. we should all be in Chokee; and the virtuous have told him so.” ones, if there are any, would have an infer- “You have, George Ghrimes—you have,” nally disagreeable time of it, trying and sen- said the old man. tencing. I should plead Insufficiency of in- “There is yet time, Mr. Mortiboy," urged come, and an Enormous appetite. What his manager. should you say?"

“Nonsense, nonsense."

Mr. Mortiboy made a sign to the lawyer, On the morning of the fourteenth of May, who produced a paper from his bag, and Dick received a note from Lafleur, inform- handed it to him. ing him of his intention to execute their "George Ghrimes,” he began, “when my little design that evening. He twisted up son Dick was supposed to be dead, John the note and put it in the fire, with a chuckle and Lydia Heathcote were my apparent of considerable enjoyment, thinking of his heirs. Between them and their daughters father's misery when he should find it out. --for, of course, I should not have fooled Mr. Mortiboy was particularly lively that it away in memorial windows, and hospitals, morning. He chattered incessantly, running and peacockery-would have been divided from one subject to another in a nervous, all my Property. I can understand their

disappointment. But they must also feel for Be in the house at three to-day, Dick,” | the joy of a father when he receives back a

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long-lost son—a son like Dick, rich, pros- gratulations of the lawyer with a feeling that perous, careful, and with a proper sense of he was in a dream. Money. Myson Dick has been home for three

ee ". They went away!

Mr. Mortiboy, lest months. During that time I have watched alone with his son, felt awkward and ill at him, because I do not trust any man hastily. His effusion spent, and the deed My son Dick has proved all that I could done, he felt a kind of shame—as undewish, and more. He has saved me hun- monstrative people always do after they dreds."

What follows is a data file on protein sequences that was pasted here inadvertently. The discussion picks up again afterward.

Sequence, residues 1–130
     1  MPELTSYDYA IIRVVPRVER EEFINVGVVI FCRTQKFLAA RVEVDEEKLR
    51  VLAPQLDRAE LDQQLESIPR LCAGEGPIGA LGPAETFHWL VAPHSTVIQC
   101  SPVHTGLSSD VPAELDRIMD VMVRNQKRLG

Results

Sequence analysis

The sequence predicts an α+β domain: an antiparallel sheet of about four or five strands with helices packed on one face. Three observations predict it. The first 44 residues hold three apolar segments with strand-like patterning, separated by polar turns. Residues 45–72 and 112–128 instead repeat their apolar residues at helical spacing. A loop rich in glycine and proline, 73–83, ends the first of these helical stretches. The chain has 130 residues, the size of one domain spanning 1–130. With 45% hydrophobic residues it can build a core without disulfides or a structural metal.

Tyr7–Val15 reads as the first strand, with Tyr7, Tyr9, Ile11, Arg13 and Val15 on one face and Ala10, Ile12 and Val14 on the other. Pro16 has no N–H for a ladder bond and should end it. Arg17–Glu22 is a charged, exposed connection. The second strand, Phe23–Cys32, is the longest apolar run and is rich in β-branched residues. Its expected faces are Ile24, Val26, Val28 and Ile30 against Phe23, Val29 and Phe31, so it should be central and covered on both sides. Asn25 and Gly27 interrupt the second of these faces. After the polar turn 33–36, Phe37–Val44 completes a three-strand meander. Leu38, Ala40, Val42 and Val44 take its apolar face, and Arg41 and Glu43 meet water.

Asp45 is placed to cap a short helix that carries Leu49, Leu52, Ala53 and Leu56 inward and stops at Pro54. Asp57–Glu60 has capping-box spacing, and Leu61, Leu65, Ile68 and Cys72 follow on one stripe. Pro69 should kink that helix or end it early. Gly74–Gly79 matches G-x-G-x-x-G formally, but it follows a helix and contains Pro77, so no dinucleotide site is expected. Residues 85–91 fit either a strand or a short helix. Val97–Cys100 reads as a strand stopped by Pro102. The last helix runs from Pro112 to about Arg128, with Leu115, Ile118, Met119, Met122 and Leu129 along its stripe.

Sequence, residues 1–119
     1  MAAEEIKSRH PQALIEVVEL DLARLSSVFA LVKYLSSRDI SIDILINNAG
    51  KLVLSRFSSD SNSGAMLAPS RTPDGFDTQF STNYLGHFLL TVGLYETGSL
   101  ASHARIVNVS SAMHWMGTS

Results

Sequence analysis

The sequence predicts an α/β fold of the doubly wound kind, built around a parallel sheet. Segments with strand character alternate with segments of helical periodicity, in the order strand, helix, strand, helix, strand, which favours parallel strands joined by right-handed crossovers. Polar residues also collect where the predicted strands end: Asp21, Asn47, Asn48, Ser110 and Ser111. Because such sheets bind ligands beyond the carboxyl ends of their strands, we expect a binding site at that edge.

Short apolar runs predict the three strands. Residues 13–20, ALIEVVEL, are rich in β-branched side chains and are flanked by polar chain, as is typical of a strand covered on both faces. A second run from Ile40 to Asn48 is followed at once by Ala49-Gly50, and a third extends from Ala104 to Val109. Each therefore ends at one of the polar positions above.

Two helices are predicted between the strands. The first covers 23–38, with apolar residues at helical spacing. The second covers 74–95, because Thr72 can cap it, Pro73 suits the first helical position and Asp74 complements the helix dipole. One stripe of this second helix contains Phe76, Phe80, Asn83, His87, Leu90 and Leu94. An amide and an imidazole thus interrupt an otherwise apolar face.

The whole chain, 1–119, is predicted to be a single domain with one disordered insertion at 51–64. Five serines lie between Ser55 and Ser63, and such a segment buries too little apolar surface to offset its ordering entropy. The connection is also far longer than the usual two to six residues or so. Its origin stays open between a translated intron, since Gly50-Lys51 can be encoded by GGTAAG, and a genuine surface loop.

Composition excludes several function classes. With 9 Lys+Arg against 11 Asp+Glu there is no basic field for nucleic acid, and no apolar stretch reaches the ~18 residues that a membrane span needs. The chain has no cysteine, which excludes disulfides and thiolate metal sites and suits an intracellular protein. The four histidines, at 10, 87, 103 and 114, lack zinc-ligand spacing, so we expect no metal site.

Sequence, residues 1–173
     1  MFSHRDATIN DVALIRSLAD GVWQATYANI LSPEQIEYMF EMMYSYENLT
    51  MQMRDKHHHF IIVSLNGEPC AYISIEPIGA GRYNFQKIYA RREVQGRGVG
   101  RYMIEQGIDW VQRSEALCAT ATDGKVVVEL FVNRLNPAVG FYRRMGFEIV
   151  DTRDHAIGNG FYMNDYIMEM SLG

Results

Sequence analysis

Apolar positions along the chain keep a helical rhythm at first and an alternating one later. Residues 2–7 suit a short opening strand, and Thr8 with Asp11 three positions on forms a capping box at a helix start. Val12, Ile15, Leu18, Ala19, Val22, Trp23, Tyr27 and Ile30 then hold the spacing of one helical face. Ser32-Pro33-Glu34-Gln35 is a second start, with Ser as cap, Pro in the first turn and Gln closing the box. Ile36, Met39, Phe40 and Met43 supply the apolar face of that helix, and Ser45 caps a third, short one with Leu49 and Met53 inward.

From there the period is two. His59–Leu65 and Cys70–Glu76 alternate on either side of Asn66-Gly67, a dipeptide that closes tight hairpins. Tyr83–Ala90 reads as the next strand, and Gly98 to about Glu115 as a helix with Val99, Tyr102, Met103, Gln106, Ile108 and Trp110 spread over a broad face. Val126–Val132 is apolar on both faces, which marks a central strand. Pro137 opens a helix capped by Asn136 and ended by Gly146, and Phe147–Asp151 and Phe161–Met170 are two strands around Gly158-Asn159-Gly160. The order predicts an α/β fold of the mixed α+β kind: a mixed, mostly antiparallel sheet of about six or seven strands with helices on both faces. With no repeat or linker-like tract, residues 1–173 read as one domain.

have bared their hearts. He felt cold, too “Hesaved the bank,"interrupted Ghrimes. -stripped, as it were.

“ He did. He has saved me thousands. "It will make no difference, Dick," he He has no vices-none whatever. No care said in a hesitating way. less ways, no prodigality, no desire to destroy Dick only nodded. what I have been building up. What he is “We shall be exactly the same as before, now to me I cannot tell you, my friends-I Dick.” cannot tell you.”

He nodded again. He stopped to hide his emotion. The “I shall go out, father, and recover mypoor old man was more moved than he self a bit. I feel knocked over by this busihad ever been before, even when his wife ness." died. Dick stared at his father in sheer “Don't lose the papers, Dick-give them amazement. What on earth was coming to me to keep." next?

But Dick had stuffed them in his pockets, “And there is another thing. I am getting and was gone. old. My nerve is not what it was. If it were not for my son Dick, and-and-yes, I must

PRETERITA. say that-for Ghrimes, I should be robbed right and left by designing sharks, I should THERose Springs moms of our unsullied youth,

was a glory in those , lose all chances of getting money. My When life was but a simple joy to wait

In Property is too great a burden to me. I

The fragrant coming of the fresh green spring; can not bear to see it suffer from my fault. To loiter idly, in the heats of June, I am going to put it into abler hands than By sleepy brooks, and dream the wayward dreams mine. My son Dick shall manage it-it That poets oft have loved in Junes before;

Or in the changing moods of autumn-fall shall be called his. Dick, my son ”- here he